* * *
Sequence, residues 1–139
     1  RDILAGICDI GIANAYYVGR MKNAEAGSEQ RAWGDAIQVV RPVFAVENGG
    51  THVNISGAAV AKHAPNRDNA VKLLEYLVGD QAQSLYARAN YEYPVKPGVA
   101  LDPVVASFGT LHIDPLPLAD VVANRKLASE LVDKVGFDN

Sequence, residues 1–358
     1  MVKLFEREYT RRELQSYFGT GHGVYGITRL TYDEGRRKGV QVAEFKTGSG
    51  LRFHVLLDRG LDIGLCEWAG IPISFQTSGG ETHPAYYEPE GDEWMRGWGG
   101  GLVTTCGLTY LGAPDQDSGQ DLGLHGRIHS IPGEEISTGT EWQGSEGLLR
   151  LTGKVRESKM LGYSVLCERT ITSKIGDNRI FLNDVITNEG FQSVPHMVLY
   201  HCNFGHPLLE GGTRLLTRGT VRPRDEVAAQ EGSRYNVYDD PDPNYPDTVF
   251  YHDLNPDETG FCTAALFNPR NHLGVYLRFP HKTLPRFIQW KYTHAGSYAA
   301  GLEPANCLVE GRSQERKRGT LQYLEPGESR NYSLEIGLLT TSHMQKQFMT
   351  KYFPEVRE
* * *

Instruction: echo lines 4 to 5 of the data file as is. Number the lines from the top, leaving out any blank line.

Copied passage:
   101  LDPVVASFGT LHIDPLPLAD VVANRKLASE LVDKVGFDN

Sequence, residues 1–358